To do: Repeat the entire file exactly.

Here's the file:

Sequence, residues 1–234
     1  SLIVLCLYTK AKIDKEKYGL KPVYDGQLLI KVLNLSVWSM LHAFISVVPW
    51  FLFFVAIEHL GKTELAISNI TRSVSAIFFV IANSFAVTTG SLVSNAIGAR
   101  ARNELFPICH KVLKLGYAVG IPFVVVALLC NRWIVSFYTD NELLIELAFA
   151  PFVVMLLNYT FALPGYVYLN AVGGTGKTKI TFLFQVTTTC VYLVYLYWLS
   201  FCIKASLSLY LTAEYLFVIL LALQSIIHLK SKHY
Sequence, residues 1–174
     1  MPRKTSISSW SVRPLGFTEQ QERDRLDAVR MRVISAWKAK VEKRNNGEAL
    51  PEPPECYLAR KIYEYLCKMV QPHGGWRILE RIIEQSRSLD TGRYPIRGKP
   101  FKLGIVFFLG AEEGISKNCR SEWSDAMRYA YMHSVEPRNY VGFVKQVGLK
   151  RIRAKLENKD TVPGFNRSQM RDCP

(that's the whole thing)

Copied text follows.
Sequence, residues 1–234
     1  SLIVLCLYTK AKIDKEKYGL KPVYDGQLLI KVLNLSVWSM LHAFISVVPW
    51  FLFFVAIEHL GKTELAISNI TRSVSAIFFV IANSFAVTTG SLVSNAIGAR
   101  ARNELFPICH KVLKLGYAVG IPFVVVALLC NRWIVSFYTD NELLIELAFA
   151  PFVVMLLNYT FALPGYVYLN AVGGTGKTKI TFLFQVTTTC VYLVYLYWLS
   201  FCIKASLSLY LTAEYLFVIL LALQSIIHLK SKHY
Sequence, residues 1–174
     1  MPRKTSISSW SVRPLGFTEQ QERDRLDAVR MRVISAWKAK VEKRNNGEAL
    51  PEPPECYLAR KIYEYLCKMV QPHGGWRILE RIIEQSRSLD TGRYPIRGKP
   101  FKLGIVFFLG AEEGISKNCR SEWSDAMRYA YMHSVEPRNY VGFVKQVGLK
   151  RIRAKLENKD TVPGFNRSQM RDCP